Perspective: Google’s Googley Bubble Car Of The Future. So What?

Oh my, apparently there isn’t anything serious to talk about today; so the global media is choosing to be gobsmacked by a pod-like, 25 mph, electric golf cart that drives itself – around a parking lot. Really folks?

To be sure, here at The Auto Future and Greener Ideal we’re interested in serious solutions to the development of alternatively-powered, zero-carbon vehicles. So, in our view, today’s flap over the electric, auto-drive Google car may just be the dumbest way to waste ink on a popcorn fart ever seen on planet earth.

Is the Google Car technology clever? Yes. Is the rolling demonstrator interesting? Yes. But, is the concept applicable to the majority of people who are dependent on ad-hoc personal movement to conduct their lives efficiently? When pigs fly.

Granted, if you live in a beehive-metroplex like New York, Chicago, or even San Francisco where a city center means the center of everything, i.e. home, office, shopping, entertainment, healthcare and the like; perhaps ‘pod-driving’ could potentially trigger a serious discussion driven by the alternatives to today’s mass-transportation. But, if one lives or commutes to work beyond the range of a 10 minute drive, the ‘beam me to the office Scotty’ approach ain’t going to work.

Then there’s the matter of mixed traffic integration. Google and its acolytes have been taunting us with the premise of ‘auto-driven’ vehicles for some time, and the public has barely gotten used to the potential of auto-drive Lexuses that allow the option of self or auto-driving; let alone simply asking the public to give up on ‘self-driving’ entirely. That said, even if the concept were to be largely acceptable, vehicle grid-lock is already a serious problem in most metro areas. So what would a practical solution look like; simply ban personally driven ICE’s, PHEV’s, EV’s, trucks, vans, and – wait for it – busses? Not likely.

I accept that the concept could work in more controlled areas such as boundary-based business and academic campus’, integrated home/office/shopping malls, planned communities, and even small nextgen towns, but again, that ain’t free-form ‘driving’, that’s point-to-point ‘people-moving.’ So in the end of the day, the Google auto-drive car isn’t new at all, other than that fact that HAL 2000 will be in complete control (again); and after all, how did the technology work out for ‘Frank Poole’ back in ‘2001?’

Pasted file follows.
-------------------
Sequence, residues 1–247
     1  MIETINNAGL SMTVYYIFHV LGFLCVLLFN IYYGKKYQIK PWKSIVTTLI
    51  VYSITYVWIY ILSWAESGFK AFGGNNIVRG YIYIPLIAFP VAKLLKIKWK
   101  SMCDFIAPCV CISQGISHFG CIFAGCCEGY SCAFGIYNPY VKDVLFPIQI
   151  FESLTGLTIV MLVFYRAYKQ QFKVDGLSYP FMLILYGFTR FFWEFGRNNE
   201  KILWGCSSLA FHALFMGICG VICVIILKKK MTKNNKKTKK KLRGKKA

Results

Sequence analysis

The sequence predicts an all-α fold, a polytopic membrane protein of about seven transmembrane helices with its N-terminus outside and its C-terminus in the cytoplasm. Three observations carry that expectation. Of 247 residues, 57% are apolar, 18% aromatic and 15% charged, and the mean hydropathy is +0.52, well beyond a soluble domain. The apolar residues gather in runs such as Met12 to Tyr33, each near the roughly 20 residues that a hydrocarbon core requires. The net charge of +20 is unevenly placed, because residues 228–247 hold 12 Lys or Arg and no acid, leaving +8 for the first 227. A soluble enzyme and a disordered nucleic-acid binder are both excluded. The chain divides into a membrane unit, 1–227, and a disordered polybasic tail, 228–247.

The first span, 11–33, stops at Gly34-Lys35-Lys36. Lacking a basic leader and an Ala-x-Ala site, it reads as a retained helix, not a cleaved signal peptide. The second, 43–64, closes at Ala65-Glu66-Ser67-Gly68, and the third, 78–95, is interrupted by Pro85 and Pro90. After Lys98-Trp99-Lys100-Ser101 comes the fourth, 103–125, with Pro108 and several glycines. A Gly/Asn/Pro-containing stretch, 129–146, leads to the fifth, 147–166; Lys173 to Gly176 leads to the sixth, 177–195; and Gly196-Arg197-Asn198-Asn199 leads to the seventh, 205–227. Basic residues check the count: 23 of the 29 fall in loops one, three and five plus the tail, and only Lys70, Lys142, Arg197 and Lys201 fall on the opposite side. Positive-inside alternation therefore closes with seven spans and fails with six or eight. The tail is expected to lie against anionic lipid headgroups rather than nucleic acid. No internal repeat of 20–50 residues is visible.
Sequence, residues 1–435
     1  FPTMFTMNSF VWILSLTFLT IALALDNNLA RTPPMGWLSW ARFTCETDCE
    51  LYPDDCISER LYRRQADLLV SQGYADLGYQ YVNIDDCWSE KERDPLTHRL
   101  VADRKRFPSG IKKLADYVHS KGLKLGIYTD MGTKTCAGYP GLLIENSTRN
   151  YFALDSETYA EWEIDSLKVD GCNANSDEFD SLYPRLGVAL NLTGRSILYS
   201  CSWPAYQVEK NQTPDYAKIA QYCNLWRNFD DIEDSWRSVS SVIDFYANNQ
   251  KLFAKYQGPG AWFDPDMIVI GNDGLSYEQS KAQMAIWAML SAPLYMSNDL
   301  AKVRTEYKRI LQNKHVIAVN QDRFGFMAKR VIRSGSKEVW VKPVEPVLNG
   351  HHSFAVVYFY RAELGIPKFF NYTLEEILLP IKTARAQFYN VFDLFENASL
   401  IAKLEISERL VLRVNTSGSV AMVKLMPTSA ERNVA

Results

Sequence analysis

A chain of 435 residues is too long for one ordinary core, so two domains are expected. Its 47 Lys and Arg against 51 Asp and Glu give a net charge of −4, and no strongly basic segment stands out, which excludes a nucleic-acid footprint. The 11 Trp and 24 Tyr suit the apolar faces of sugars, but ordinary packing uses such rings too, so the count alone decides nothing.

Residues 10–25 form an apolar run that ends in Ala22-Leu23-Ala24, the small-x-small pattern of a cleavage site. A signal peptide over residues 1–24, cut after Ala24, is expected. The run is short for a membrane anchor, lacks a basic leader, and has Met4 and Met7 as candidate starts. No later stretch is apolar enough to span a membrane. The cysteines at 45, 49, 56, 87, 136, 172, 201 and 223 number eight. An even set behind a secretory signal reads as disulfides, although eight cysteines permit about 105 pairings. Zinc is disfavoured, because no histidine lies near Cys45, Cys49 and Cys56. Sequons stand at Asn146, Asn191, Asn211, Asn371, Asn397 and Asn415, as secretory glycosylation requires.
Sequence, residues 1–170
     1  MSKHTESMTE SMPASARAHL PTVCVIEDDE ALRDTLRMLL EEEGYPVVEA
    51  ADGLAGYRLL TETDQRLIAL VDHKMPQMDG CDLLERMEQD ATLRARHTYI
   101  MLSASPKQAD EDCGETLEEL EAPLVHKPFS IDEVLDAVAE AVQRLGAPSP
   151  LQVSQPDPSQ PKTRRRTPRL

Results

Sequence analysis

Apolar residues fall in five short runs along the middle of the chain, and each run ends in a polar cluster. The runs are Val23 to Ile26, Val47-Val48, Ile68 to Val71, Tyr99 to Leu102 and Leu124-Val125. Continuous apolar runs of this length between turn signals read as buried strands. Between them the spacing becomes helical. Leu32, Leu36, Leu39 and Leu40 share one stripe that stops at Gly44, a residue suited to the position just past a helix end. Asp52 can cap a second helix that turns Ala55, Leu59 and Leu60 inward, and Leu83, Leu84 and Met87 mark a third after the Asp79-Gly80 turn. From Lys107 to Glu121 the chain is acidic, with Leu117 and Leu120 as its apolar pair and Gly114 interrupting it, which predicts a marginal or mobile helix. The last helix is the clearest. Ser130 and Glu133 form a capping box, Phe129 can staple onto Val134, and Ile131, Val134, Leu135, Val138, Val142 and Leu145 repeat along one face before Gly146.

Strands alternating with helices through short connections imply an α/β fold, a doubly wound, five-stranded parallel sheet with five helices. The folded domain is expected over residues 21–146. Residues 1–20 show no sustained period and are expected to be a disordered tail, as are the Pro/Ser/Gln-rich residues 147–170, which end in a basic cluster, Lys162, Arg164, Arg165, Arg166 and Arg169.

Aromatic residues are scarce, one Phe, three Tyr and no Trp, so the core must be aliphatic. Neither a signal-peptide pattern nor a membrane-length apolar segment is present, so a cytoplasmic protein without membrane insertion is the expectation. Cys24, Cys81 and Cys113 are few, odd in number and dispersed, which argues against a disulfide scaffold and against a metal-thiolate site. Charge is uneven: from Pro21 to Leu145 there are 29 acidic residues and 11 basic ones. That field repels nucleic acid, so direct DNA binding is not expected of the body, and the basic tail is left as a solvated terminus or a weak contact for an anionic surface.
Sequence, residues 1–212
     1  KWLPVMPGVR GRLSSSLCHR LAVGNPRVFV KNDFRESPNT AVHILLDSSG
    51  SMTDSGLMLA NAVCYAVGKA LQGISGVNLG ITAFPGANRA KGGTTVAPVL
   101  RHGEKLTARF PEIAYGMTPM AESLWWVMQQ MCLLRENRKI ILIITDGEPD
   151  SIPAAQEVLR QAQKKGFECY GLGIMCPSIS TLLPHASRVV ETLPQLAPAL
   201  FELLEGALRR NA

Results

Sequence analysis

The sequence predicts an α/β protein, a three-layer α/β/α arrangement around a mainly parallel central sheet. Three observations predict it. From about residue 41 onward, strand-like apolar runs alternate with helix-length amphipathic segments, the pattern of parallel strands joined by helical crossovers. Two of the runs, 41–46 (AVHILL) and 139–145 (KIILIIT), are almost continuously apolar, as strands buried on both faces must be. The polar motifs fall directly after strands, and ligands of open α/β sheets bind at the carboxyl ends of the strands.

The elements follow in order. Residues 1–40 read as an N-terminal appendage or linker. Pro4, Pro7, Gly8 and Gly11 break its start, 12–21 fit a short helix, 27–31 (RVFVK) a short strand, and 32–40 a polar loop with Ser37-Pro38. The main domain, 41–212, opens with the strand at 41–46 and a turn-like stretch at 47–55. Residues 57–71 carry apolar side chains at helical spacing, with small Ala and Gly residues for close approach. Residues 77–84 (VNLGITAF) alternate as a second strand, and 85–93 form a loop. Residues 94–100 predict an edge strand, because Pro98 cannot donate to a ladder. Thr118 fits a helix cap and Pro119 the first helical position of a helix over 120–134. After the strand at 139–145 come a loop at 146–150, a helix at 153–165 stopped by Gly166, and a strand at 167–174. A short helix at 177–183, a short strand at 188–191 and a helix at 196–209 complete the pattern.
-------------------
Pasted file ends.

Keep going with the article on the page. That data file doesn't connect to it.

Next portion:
According to Google’s co-founder Sergey Brin,

“The main reason the team and I decided to build this prototype vehicle is that we can do a better job than we can do with an existing vehicle. The project is about changing the world for people who are not well-served by transportation today.”

Wow, as the old opine pines, ‘the more things change, the more things stay the same,’ but particularly when it comes to a matter of technological hubris, or even simpler yet; having nothing more important to do with a bazillion dollars.

Recent Articles

Cars of the Future: Promising Alternative Energy Sources

Eco-conscious drivers and scientists are looking for cleaner ways to power their cars. Here are some of the most promising alternative energy sources for the automotive industry

ABB and Volvo Electrifying Public Transportation in Gothenburg

Volvo and ABB are set to introduce eco-friendly electric buses in the streets of Gothenburg, Partille, and Molndal in 2020.

Electric batteries: the future of transportation

How do we tackle climate change and global warming? One way could be adopting newer technologies especially in one major area: Transportation. Here's a look at some of the best electric battery technologies.

Electric Vehicle Start-Up Faraday Future Receives $2B in Funding

Towards the end of last year, Faraday Future was said to have secured some fresh source of funding. The electric car start-up has now confirmed receipt of $2 billion to aid in the construction of its first EV by the end of the year.

Hyundai Will Use “Second Life” EV Batteries to Store Energy

Hyundai is partnering with Wärtsilä, a Finnish energy storage firm, to make use of the so-called second life electric car batteries for stationary energy storage.

Related Stories



Please enter your comment!
Please enter your name here

Stay on op - Ge the daily news in your inbox